The Winston-Salem/Forsyth County school board approved Tuesday an assignment plan for students who choose not to return to Middle Fork Elementary School next fall when the school becomes a laboratory school in partnership with Appalachian State University.

Middle Fork Elementary is one of nine schools in North Carolina selected to partner with a state university as part of a turnaround effort. All of the schools selected are low-performing K-8 schools.

Middle Fork Elementary will be in this partnership for the next five years, and will be known as Appalachian State University Academy at Middle Fork with a literary focus.

The assignment plan is necessary because the new lab school will require its students to enroll in order to attend, or to opt out to a different school. Because the school building will be under Appalachian State’s jurisdiction, students who are choosing to enroll in the lab school will be choosing to leave WSFCS.

The nearby Ibraham, Mineral Springs and Walkertown elementary schools will serve as the new residential schools for students who opt out of the lab school. Ashley Academy for Cultural and Global Studies was not included due to existing capacity concerns, Superintendent Beverly Emory said.

“We hope that if they want to stay they will apply and go to Middle Fork and stay at their neighborhood school,” Emory said. “But, because the school will no longer be in the jurisdiction of this Board of Education, we must give those children a new residential school.”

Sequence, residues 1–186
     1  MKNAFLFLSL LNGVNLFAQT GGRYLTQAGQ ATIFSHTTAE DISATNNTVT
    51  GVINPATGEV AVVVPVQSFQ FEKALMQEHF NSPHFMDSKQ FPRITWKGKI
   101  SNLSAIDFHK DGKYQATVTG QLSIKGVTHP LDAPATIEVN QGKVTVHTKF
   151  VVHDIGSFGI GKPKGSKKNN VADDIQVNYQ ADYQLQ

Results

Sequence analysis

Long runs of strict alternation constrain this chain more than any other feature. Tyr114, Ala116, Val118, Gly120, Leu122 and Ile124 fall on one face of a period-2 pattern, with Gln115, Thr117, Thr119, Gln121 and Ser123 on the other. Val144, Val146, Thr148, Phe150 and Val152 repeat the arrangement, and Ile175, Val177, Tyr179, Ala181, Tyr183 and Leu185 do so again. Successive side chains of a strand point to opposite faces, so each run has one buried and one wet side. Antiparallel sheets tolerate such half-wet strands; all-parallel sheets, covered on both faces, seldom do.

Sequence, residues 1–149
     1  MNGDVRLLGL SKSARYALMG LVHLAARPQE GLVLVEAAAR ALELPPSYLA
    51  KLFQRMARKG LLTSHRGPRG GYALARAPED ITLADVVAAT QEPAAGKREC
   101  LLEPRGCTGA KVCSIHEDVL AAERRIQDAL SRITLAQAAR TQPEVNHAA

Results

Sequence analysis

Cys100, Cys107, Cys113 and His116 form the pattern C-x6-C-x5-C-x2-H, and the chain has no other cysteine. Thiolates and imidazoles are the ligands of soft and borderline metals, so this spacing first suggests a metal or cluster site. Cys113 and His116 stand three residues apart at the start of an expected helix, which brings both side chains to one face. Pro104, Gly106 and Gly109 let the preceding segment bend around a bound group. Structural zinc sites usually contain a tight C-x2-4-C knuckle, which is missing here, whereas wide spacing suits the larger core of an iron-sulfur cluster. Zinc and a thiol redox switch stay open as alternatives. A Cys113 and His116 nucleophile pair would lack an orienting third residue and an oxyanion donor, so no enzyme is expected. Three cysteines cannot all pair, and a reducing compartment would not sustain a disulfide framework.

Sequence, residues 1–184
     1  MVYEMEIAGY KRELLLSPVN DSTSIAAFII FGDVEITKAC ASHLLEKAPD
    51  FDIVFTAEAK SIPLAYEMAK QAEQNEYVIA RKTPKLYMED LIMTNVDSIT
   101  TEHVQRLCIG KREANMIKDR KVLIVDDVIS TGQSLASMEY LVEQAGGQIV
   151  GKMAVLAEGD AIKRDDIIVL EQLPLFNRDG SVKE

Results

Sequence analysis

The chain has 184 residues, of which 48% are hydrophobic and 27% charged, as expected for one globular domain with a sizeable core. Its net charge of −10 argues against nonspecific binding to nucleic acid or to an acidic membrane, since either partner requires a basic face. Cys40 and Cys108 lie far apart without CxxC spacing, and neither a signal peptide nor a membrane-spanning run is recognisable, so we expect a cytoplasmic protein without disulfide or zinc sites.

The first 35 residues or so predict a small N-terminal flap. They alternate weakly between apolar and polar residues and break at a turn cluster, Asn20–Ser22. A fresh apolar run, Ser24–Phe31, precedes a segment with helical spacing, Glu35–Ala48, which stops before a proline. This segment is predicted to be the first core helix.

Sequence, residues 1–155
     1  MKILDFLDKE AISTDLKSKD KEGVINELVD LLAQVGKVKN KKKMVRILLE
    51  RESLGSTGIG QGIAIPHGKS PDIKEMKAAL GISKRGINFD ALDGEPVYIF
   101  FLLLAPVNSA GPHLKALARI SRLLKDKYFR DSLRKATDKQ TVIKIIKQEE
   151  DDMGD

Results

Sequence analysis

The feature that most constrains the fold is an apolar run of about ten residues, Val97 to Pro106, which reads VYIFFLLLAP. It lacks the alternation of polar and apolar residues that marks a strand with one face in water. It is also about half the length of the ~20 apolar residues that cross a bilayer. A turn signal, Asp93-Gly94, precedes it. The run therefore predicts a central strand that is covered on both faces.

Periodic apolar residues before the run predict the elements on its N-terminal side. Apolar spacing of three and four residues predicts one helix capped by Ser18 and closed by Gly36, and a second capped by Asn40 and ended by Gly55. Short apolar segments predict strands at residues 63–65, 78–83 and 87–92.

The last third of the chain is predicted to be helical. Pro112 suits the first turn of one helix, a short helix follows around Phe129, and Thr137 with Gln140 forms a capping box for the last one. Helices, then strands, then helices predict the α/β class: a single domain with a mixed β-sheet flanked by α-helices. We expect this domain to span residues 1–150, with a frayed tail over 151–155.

Information presented to the board members showed variations of how many additional students could be added to those three other schools, since it is unclear at this time how many students may decide to enroll in the lab school versus stay within the district.

“Right now, this is a moving target,” Emory said, adding that 169 current Middle Fork students have put in applications to stay at the school.

After the board meeting, Tasha Hall-Powell, principal of Middle Fork, said they’ll be able to take up to 315 students before going to a wait list. The school’s 2017-18 enrollment is listed at 327.

Students currently attending Middle Fork will receive first priority over others in the district. The enrollment process will close in April.

“We expect that number will grow… but we have to plan for that so that each of these kiddos and families have an assigned residential school,” Emory said.

Notices of the changes in residential schools will be sent out to families, Emory said.

Even though the school will fall under Appalachian State’s jurisdiction, the district still owns the facility.

“We are working on memorandums of understanding that cover transportation and food services and all the things that the folks at the university level may not have realized, like security and fire drills…,” Emory said. “And at least to date, they have indicated that instead of them worrying about those operational things, they would like to contract with us for them.”

Emory said a formal memorandum of understanding will be presented to the board.

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